The next stage consisted of fixing the cables onto the tower. 37,000 strands of wire were entwined to constitute one cable. Super-strength steel wire was developed for this purpose. The cable was threaded over the tower using a helicopter. The cable was lifted from Kobe threaded around the first and second towers and the cable was tied at the Awaji end. The next stage involved the construction and placing of the six lane roadway. The deck had to be strong to support traffic and self-weight. It also had to be slender to allow wind to pass through it. The deck was made of steel girder which was arranged in a triangular shape. For extra strength they gave a vertical stabilizer throughout the length of the bridge. When wind blows, the vertical stabilizer balances pressure below the roadway and reduces vibrations, which destroyed Tacoma. They also installed steel mesh grating down the centre and along sides. This allows wind to pass right through the roadway and stops the pressure building up.

8.4 Placing the Roadway

The final phase consisted of placing the roadway but the earthquake at Kobe brought about a change in plan. As a result of the earthquake the towers had moved sideways over a metre. This stretched the bridge length a full metre. In order to increase the bridge length the engineers decided to space out the anchor cables. The massive 100 ton steel sections of the roadway was carried out by floating cranes and assembled.


When the earthquake struck Kobe, the epicenter was just 4 km from the bridge, it was partly due to luck and partly due to the fore-sight of the engineers that the bridge did not sustain serious damage.

· Since the roadway had not been constructed by then, the structure did not have to suffer extensive losses that would have resulted from the possible collapse of the bridge.

· Since the tower had been constructed of steel, they were flexible to the effect of earthquake. Also, there were 20 shock absorbers within each tower. This helped to keep the tower in place after the earthquake.

· After the earthquake, detailed surveying showed that the tower on the Awaji side had shifted a meter apart due to the quake. It could have been more dangerous than this.


The Japanese engineers delivered their true potential when met with stumbling blocks. Few of the innovations are:-

1. When the usual method of constructing bridge foundation by laying concrete cylinders on top of each other was not possible here due to the violent nature of the sea, engineers introduced a new concept of casting the foundation in steel moulds.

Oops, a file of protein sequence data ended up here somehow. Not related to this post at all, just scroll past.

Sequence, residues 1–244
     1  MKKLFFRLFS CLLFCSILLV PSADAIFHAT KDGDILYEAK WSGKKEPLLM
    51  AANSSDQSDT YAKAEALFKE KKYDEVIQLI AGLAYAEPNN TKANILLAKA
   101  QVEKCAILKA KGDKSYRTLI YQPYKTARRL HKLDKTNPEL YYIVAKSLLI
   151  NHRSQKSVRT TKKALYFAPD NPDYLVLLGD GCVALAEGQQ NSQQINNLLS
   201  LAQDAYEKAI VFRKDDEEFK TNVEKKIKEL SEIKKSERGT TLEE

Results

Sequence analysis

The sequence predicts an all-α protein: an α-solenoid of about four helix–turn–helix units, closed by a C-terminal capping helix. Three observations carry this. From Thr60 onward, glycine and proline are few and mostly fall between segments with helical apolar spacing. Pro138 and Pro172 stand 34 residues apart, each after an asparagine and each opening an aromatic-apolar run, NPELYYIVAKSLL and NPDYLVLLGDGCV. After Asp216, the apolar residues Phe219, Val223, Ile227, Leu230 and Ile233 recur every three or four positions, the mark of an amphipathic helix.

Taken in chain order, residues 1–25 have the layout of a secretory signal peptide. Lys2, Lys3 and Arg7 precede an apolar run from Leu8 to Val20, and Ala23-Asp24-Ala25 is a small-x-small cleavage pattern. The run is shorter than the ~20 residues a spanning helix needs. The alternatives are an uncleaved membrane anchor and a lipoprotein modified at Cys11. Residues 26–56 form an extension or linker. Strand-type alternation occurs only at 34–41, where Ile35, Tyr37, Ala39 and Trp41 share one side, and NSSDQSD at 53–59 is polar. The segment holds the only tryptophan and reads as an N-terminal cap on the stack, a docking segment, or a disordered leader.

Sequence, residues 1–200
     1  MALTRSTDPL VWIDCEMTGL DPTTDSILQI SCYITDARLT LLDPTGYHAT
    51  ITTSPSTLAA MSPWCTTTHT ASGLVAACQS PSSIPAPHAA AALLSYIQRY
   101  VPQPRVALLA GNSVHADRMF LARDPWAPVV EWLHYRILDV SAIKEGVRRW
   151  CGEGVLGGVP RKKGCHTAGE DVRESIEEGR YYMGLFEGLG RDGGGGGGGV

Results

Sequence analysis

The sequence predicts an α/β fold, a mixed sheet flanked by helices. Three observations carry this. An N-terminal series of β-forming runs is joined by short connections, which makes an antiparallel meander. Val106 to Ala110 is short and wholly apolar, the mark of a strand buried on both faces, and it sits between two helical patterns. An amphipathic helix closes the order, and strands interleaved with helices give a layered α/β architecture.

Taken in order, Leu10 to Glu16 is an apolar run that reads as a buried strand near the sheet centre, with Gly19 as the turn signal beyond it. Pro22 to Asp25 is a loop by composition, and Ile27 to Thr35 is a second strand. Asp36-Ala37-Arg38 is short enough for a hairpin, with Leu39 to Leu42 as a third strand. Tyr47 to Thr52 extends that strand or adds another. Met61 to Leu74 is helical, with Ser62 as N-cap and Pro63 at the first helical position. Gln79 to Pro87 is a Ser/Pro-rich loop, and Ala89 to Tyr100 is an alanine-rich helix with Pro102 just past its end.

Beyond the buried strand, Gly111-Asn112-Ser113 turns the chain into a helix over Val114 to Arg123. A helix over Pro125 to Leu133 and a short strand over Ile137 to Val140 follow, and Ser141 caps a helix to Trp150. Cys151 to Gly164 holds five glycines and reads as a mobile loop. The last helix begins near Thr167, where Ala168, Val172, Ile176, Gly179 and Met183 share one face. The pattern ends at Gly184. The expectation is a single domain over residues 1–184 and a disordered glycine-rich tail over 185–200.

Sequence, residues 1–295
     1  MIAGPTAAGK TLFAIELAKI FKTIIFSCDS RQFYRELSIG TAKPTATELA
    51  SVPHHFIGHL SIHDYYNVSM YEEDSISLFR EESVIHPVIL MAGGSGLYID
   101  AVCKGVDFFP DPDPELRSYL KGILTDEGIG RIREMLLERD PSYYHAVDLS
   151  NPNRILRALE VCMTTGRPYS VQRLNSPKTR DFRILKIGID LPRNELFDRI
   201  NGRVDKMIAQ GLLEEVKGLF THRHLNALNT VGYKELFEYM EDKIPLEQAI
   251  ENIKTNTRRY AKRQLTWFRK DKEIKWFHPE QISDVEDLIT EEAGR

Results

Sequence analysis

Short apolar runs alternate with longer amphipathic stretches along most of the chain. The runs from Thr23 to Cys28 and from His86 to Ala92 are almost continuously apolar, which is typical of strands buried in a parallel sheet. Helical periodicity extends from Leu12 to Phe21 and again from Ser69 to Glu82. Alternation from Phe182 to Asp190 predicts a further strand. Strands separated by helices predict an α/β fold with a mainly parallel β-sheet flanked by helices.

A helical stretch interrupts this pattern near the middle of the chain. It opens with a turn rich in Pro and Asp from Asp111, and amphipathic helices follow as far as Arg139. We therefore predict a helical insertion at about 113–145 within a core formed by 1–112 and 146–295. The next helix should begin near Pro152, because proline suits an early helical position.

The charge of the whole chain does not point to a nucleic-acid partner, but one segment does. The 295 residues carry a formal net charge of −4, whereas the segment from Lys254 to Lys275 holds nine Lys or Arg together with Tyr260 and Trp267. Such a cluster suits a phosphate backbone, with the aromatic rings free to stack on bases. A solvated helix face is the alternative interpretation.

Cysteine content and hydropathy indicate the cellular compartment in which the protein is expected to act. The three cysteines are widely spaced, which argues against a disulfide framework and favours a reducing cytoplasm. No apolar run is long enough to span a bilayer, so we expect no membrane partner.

2. Super-concrete was developed to aid the setting of cement in seawater. Since the foundation moulds had been filled with seawater, this new type of material was required.

3. Super-strength steel wire was developed for the cable by changing the alloy proportions. This super-strength cable was so strong that a 5mm thick wire could carry 3 family cars.


We know that the Akashi Kaikyo Bridge is located at a place where weather and sea is very rough and it is in an earthquake zone. Still the determination and dedication of the Japanese engineers was instrumental in gifting this marvel. The Akashi Kaikyo Bridge has been set as a benchmark for future bridge constructions. The Mazena Bridge in Italy will soon overtake Akashi Kaikyo as the world’s longest bridge. With the advent of carbon fibre, it may be used in cables and if this being the case, longer bridges can be constructed. Normally as the span increases the length of the cable increases and this leads to an increase in the load to be carried by the bridge. But if carbon fibre is used, it will be lighter than steel and stronger leading to huger spans.


1. Wai Tak Yim (2007) Akashi Bridge, Bridge Engineering Conference

2. Masaru Takeno, Yasuhiro Kishi (1997) Cable Erection Technology for Akashi Kaikyo Bridge, Nippon Steel Technical Report No. 73, pp 59-70

3. James Hill, Rola Idriss (2006), Bridge Construction, Committee on construction of bridges and structures

4. <>

5. ‘Megastructures’, National Geographic Channel



Coal fly ash, or Pulverised Fuel Ash (PFA) has been used for many years in road construction as a fill material, in concrete, lean mix sub-bases and in more recent years as a binder and aggregate in hydraulically bound materials. There is an excess of PFA produced annually within the UK and some 55,000,000 tonnes of material (UKQAA a, 2007) that are accessible from stockpiles. Its use reduces material being sent to landfill and preserves virgin aggregate stocks and is a major mineral resource for future generations. There are many environmental and sustainability reasons for using PFA in preference to virgin aggregates, reducing the overall greenhouses gas emissions


Around 110 million tonnes of fly ash get accumulated every year at the thermal power stations in india. Internationally fly ash is considered as a by product which can be used for many applications. Fly ash mission was initiated in 1994 to promote gainful and environment friendly utilisation of the material. One of the areas identified for its bulk utilisation was in construction of roads and embankments. Central Road Research Institute (CRRI), new delhi, chosen as the ‘nodal agency’ for this activity, has undertaken many demonstration projects. Some of these are jointly with fly ash mission (presently fly ash utilisation programme). As a result of experiance gained through these projects, specifications for construction of road embankments and guidelines for use of fly ash for rural roads were compiled and have since been published by the indian roads congress. Fly ash utilisation in the country rose from 3 per cent (of 40 million tonnes) of fly ash produced annually in 1990s to about 32 per cent (of 110 million tonnes) of fly ash generated annually now. Out of this total utilisation, about 22 percent, amounting to 7.75 million tonnes, was used in the area of roads and embankments last year.